To get a hard money loan, you’ll need to connect with investors looking for new properties. Start by researching companies and individuals in your area that lend money based on collateral. Local real estate agents or investor groups can be great resources for this.
Then reach out and inform them of your goals and needs so you can start a working relationship and apply for the money once you’re ready.
A traditional lender, such as a bank or credit union, is always interested in: proof you can pay them back, your credit history, and your available income.
Lenders who issue hard money loans are not.
It’s fairly easy to be approved by a hard money lender because they lend money based on collateral and they aren’t necessarily interested in your ability to repay. They know that if anything goes wrong, they can get their money back by taking your collateral and selling it.
This type of loan is usually considered a short-term loan and lasts from one to five years. It wouldn’t be financially wise to keep them any longer because of the high interest rates.
Tips for paying off a hard money loan
If you want to get into the world of real estate, hard money loans are a great option. But, because this type of loan is so much shorter than traditional loans and has a higher interest rate, it’s important to have a strategy to pay it off. Here are some things to consider:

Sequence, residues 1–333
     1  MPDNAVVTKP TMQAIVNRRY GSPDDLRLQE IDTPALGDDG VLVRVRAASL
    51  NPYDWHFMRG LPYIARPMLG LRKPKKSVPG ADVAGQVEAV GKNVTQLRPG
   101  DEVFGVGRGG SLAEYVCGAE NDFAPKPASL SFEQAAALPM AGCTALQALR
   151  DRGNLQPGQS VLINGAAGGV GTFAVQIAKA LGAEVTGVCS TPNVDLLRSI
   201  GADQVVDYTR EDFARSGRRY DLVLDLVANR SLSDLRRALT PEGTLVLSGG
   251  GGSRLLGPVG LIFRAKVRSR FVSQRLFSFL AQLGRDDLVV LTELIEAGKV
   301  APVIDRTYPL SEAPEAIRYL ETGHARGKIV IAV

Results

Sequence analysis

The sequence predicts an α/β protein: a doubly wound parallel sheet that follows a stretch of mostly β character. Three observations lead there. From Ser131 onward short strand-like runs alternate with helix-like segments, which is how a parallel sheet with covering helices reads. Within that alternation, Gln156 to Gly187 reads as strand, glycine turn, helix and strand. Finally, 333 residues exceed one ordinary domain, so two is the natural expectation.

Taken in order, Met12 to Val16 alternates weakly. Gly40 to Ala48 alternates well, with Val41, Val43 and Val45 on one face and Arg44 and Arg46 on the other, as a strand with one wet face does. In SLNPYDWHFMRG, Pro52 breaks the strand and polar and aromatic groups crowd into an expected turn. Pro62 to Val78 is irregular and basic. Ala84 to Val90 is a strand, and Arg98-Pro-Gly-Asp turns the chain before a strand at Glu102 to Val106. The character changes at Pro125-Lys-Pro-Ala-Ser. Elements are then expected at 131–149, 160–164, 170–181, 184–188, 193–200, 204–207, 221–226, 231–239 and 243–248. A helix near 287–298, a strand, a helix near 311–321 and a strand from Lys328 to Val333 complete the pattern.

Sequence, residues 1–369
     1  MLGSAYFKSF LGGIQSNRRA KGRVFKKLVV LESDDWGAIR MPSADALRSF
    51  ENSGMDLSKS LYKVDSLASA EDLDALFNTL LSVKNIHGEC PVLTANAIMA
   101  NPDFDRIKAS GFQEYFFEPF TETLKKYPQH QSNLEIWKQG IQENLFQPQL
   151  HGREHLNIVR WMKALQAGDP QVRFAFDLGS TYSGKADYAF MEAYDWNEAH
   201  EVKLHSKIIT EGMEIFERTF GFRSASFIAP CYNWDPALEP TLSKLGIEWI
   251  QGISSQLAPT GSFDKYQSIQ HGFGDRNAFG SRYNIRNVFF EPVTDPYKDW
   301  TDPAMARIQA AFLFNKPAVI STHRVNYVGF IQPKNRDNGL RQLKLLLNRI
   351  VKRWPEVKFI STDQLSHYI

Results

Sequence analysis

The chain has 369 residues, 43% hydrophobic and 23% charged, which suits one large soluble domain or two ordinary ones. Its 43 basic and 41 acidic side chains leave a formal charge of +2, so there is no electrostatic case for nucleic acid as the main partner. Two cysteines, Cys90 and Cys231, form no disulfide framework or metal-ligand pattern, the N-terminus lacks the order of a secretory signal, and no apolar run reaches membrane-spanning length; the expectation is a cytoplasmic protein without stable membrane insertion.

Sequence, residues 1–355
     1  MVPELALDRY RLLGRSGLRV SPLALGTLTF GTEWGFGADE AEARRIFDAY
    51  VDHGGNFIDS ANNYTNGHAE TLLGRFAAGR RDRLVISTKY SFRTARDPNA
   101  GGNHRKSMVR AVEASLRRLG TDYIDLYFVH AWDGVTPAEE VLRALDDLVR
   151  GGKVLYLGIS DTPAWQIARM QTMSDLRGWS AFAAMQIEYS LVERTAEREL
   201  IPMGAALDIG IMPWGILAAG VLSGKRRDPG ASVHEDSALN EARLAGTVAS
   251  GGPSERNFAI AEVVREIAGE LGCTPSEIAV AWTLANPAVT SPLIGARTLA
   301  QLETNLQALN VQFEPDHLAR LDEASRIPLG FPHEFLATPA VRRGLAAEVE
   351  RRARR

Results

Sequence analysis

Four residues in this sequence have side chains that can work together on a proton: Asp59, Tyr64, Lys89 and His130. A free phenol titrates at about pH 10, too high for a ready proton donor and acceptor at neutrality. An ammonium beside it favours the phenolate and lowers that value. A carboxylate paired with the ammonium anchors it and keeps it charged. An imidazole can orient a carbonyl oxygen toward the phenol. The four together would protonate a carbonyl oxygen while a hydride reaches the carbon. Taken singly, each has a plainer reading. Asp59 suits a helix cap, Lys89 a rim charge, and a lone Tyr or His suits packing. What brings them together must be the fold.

- Sell the property being used as collateral. Most times, the main reason someone would get a hard money loan is to finance their property flipping project.
The goal is to purchase a property, use it as collateral, improve the property, then sell it for a profit. This option allows you to plan and invest in the best way to maximise profits while improving the property.
- Refinance with the lender. If your plan wasn’t to flip a piece of property but to rent it out, refinancing may be your best bet.
This strategy gives you a longer-term plan for income rather than one lump sum. Discuss this with your lender and see what they’re open to.
- Secure a traditional mortgage. If you want to stay in the property you purchased with your hard money loan, you should consider a mortgage.
You can use your hard money loan to build up your credit or pay off other debts, thus increasing your chances of being approved for a mortgage from a traditional financial institution.
What happens if you default on a hard money loan?
If you default on a hard money loan, the property used as collateral for the loan will be used as the asset to pay off the loan.
Your lender will foreclose the property, which could require you to sign a Deed of Trust, Promissory Note, or go to court to settle depending on where you live.
Do hard money loans require an appraisal?
Yes! Because the value of the property is the most important factor in receiving a hard money loan, the approval process includes an appraisal to determine what that value is.
Do hard money loans show up on credit reports?
Most hard money loans do not show up on your credit report. But because this isn’t always the case and can vary by lender, it’s important to have this conversation with whoever you’re borrowing the money from.